The building in which our structure is situated was built at the beginning of the last century. It has a view on the biggest square in town, Piazza Vittorio, heart of the district that was rebuilt anew when Rome became capital of Italy. In 1873 the first town Plan subverted the city’s look to suit its new role: the Pope’s Rome was gone, along with the ring of villas that surrounded it, and its place taken by the so-called Roma Umbertina (as in king Umberto I, ruler from 1878 to 1900). It was a city made of large representative buildings and residential districts, home of the state’s bureaucracy managers.
The district was built on Esquilino Hill, chosen for its proximity to the new Central Station and for the lack of urbanization. While laying the foundations, archeological findings were systematically destroyed (only a few statues, pots, bas-reliefs and jewels were saved), architectural structures burned to the ground, to make place for a new checkered urban structure. A homage to Torino, city of the Savoia family, which also explains the great colonnade, typical of northern cities.
Piazza Vittorio lies on what was once the garden of Villa Palombara, one of the fifteen great villas that rose on the hill. Here roman aristocracy placed their mansions with monumental gardens, following the classical tradition (here rose, one thousand years before, the horti maecenatis, the horti liciniani, the horti lamiani). To build the square a II b.C. sepulcher was also destroyed, it was called la “casa tonda” (the round house) and had been a characteristic sight on the hill for several centuries. A monumental fountain was saved from demolition, called Trofei di Mario (Mario’s trophies), and placed on the north side of the Piazza. You’ll find it across the road from Domus Victoria, entering the gardens.
The fountain, built in 226 by order of emperor Alessandro Severo, was known in roman times as Nymphaeum Divi Alexandri. Ancient sources let us know 15 monumental lily ponds existed in this area, and this is the only survivor. To be precise, the ponds were part of the “mostra dell’acqua Claudia”, a great scenic design built to embellish the public water main (Acquedotto Claudio).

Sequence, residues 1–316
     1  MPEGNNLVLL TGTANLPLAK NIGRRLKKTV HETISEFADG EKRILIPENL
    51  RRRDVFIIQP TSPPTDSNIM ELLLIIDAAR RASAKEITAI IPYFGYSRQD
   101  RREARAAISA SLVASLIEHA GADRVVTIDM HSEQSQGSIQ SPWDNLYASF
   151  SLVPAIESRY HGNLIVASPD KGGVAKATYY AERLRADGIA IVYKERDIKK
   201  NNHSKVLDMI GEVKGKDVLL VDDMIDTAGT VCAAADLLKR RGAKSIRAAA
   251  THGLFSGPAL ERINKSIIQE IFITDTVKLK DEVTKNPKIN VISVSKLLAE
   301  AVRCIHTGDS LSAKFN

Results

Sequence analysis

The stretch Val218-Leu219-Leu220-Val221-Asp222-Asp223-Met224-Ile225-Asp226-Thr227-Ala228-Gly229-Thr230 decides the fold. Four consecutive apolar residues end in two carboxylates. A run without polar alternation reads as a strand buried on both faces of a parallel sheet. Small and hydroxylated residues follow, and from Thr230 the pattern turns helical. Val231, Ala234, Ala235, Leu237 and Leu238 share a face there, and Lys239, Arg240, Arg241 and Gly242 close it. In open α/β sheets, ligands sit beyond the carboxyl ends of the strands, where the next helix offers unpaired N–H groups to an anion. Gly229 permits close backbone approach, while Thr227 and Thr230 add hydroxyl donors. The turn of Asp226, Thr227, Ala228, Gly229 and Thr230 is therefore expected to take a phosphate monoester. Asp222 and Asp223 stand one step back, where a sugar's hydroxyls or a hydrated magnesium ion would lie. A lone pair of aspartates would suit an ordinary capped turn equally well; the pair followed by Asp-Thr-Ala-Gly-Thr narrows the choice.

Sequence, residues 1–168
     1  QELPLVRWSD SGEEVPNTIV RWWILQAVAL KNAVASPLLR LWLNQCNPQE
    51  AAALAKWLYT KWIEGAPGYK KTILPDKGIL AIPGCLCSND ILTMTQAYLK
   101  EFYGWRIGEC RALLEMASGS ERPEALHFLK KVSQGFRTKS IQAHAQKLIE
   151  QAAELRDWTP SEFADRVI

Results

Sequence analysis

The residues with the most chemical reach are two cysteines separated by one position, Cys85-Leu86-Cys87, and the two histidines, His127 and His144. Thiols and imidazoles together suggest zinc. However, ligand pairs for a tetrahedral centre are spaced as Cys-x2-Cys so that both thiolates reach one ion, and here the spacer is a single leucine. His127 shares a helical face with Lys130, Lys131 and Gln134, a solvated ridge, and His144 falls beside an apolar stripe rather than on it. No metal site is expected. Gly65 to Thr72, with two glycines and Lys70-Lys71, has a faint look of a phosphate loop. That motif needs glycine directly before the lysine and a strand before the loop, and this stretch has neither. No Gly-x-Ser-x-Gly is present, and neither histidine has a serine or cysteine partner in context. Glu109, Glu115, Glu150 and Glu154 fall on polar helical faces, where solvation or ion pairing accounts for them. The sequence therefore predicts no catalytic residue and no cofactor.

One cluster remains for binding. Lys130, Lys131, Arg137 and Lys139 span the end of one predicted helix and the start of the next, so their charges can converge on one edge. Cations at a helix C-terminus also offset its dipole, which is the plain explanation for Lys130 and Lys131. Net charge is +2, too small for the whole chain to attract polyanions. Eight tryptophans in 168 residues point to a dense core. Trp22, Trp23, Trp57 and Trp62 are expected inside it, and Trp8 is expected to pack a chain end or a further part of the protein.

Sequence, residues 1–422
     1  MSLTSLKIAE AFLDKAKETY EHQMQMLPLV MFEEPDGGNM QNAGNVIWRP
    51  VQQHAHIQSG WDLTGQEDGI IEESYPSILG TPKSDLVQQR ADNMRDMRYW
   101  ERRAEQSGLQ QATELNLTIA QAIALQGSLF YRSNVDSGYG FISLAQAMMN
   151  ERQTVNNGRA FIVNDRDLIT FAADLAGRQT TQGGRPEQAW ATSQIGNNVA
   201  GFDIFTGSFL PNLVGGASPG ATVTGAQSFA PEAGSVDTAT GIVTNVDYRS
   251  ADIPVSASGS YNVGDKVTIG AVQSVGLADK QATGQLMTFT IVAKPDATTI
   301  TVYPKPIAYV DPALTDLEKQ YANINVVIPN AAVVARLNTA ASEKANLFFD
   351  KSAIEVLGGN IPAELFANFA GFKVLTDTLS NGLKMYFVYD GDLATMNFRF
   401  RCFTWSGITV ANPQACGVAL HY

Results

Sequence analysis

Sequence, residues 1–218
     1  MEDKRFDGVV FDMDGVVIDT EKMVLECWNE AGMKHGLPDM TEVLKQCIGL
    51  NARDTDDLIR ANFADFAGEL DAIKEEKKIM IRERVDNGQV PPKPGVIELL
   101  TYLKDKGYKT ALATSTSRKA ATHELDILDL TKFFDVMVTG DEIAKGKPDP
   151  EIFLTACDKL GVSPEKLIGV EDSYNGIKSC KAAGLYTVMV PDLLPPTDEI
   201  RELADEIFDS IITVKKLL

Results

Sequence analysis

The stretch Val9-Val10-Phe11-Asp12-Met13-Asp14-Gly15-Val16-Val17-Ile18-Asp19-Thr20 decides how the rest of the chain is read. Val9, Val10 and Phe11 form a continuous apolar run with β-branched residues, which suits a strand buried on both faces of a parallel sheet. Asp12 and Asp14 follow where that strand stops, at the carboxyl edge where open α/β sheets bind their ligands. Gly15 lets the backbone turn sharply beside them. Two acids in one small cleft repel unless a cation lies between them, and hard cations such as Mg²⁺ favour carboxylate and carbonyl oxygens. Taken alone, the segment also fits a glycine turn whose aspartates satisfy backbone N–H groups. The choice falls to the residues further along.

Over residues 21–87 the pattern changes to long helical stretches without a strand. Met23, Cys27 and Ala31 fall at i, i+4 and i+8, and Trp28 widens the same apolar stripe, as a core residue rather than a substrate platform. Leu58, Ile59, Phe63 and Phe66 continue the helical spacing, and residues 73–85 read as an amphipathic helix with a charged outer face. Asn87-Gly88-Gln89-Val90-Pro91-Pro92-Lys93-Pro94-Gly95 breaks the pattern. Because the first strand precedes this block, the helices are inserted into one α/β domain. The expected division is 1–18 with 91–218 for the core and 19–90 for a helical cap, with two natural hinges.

What we see today is nothing but the brick frame of the fountain, which must have been magnificent (25 meters long and 20 meters in height). It was richly decorated, completely covered in marble plates and adorned with several statues. What did it look like? The lily pond is represented on a golden coin (aureo) from Alessandro Severo’s reign. There is a beautiful reconstruction by Antoine-Martin Garnaud, a student at Villa Medici, that was made in 1821.
The façade must have been impressive. The highest part was characterized by a large central alcove (6,5 meters wide) which hosted two statues, probably of Alessandro Severo and his mother, Giulia Mamea. At the alcove’s sides were two open arches, decorated until 1590 by statues of the trophies, from which the monument takes its name. Above all this was an attic, on which other statues and a set of four marble horses stood, and at the bottom a huge pensile basin with a reclined Ocean in the middle.
From this basin water flowed, we don’t know how, to the lower part of the façade. Here were a series of semicircular and rectangular niches (perhaps decorated with statues), from which more water poured into a pool. The latter, a vast semicircular basin, was set on ground level so that water could be easily reached.
For centuries the great ruins of the “Trofei di Mario” faced the entrance to Villa Palombara, a large baroque mansion that was destroyed at the end of the 19th century, during the construction of Piazza Vittorio.